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 Official Newspaper of the Catholic Diocese of Green Bay, WisconsinOctober 13, 2006 Issue 

Two innocent men almost killed by the law

Death penalty not without flaws, or tampering

By Jeff Kurowski
Compass Assistant Editor

Related articles:

from Oct. 13, 2006 issue:
• Bridging the Gap by Bishop David Zubik --
    Bridging the Gap: Referenda
    As the Nov. 7 state election approaches

• Stewardship: A Way of Life --
    Faithful Citizenship 2006 (Fourth in a Series)
    Pursuing social justice to protect the dignity of all
    humans as Jesus did

from Oct. 6, 2006 issue:
Coming soon to a TV near you ...
    Bishop Zubik discusses fall referenda
    Sidebar: About the show

Sides square off over marriage amendment
    Proponents argue marriage needs special protection
    Sidebar: Referenda sessions

• Stewardship: A Way of Life --
    Faithful Citizenship 2006 (Third in a Series)
    Promoting family life - our most basic social unit -
    helps to build society

from Sept. 29, 2006 issue:
• Eye on the Capitol -- Three rules needed for civil debate

• Stewardship: A Way of Life --
    Faithful Citizenship 2006 (Second in a Series)
    Protecting human life forms the foundation
    of Catholic Church teaching

from Sept. 22, 2006 issue:
• Eye on the Capitol -- Wisconsin Catholic Conference provides resources for voters

• Stewardship: A Way of Life --
    Faithful Citizenship 2006 (First in a Series)
    Catholics are called to political
    responsibility by participating in public life

from Sept. 15, 2006 issue:
Church provides fall election resources
    Forums, Mass, web offered

Find more election resources on our Links page.

"Your beloved state has not had the death penalty for over 153 years, and as a former condemned man, you have done wonderful," said Shujaa Graham. "You have been a shining light for the rest of our nation and you can continue to be a shining light if you stand up and take a stand against an idea called capital punishment."

Last week, Graham and Ron Keine, exonerated death row inmates, were at UW-Green Bay's Ecumenical Center to share their stories and speak against the Nov. 7 death penalty referendum in Wisconsin. Their visit was sponsored by No Death Penalty Wisconsin.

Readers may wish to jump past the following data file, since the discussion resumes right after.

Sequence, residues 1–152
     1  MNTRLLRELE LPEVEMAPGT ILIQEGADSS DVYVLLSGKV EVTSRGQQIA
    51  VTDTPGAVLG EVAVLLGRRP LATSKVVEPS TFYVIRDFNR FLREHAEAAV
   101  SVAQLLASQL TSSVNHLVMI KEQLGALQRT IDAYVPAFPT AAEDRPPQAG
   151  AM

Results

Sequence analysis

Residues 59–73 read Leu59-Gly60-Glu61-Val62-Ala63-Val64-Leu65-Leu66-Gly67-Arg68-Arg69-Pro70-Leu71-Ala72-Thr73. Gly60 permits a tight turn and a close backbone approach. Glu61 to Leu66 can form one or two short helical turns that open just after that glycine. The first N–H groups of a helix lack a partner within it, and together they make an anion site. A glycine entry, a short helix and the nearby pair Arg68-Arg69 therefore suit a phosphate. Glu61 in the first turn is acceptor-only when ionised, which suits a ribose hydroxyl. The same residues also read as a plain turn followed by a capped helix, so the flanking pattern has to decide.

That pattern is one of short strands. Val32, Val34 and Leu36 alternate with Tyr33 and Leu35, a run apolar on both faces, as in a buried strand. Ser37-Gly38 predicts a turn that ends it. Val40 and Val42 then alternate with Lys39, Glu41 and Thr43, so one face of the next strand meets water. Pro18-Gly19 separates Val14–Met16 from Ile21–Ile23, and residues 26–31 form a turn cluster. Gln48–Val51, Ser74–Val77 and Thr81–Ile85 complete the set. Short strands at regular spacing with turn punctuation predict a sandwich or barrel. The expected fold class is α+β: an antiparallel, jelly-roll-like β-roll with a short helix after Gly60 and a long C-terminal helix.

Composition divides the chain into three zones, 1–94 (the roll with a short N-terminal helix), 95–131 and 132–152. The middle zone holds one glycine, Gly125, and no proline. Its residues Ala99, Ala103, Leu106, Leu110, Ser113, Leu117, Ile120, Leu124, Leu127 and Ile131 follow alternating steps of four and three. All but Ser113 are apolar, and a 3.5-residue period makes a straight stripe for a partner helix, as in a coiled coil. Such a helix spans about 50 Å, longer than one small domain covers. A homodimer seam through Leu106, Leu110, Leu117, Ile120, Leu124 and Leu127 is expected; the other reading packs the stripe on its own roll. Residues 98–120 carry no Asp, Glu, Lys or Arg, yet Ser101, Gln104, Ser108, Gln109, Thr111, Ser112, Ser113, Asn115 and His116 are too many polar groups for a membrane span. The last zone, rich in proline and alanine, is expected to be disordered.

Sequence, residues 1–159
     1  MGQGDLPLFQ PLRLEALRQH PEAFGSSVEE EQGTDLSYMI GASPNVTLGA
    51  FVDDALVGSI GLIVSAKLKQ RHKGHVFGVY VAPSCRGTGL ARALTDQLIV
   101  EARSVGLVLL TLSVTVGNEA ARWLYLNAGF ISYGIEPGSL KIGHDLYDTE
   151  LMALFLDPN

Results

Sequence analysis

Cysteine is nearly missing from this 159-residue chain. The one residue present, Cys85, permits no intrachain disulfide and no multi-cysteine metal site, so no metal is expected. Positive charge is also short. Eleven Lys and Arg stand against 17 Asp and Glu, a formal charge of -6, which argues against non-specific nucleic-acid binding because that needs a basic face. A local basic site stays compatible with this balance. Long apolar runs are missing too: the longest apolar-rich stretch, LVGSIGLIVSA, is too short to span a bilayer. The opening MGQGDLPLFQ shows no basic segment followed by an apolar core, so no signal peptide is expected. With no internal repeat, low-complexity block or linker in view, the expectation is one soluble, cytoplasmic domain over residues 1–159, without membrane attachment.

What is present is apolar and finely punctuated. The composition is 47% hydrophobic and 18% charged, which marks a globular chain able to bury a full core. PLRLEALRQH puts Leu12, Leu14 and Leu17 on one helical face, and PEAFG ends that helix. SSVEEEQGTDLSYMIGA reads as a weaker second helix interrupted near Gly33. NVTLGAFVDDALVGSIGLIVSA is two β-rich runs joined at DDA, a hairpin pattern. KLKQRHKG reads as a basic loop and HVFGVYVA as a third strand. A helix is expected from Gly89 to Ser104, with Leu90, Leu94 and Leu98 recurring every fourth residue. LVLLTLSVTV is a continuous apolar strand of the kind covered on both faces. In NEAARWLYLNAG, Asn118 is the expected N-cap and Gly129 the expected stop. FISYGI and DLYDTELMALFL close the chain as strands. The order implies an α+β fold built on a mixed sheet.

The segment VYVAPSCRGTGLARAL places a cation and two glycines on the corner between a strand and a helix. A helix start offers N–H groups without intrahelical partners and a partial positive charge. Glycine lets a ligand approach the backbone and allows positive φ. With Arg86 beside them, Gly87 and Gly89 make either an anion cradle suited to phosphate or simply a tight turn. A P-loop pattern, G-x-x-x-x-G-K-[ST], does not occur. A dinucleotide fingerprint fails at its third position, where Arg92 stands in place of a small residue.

"The laws of capital punishment, laws of revenge, solve no social problems," said Graham. "When someone kills, why do we have to kill to prove that killing is wrong?"

Graham, a native of Lake Providence, La., was on death row in California. His family moved from Louisiana to South Central Los Angeles in search of a better life, but Graham, a young boy at the time, struggled to adapt. At age 18, he was sentenced to life in prison for a $35 robbery."

Grew up in prison

"At 18 years old, I was off to prison and I couldn't read or write," he said. "That's where my humanity began to develop. I grew up in prison."

Graham became involved in the Black Prison movement, taught himself to read and write, and studied history and world affairs. He became a leader in seeking better conditions in the prison. His leadership role would prove costly.

In 1973, a prison guard was killed at Deul Vocational Institute in Stockton, Calif., where Graham was serving time. Graham and co-defendant Eugene Allen were framed for the murder. The first trial ended in a hung jury. The second resulted in the two men being sentenced to San Quentin's death row.

The district attorney had systematically excluded African American jurors, allowing a third trial for Graham. It resulted in a hung jury. They were found innocent by a fourth jury.

Aged 20 years

"I remember that I didn't want to go down that day to hear the verdict," he said. "I was in my 30s, but after all my years in prison it was like I had aged 50 years. Yet, when I woke up that day, I was like a little boy who just wanted to go home. When I heard 'not guilty' I thought my nightmare was over."

Graham, who was released from prison in 1981, said he won his freedom in spite of the system, and not a day goes by when he doesn't think about his death row experience.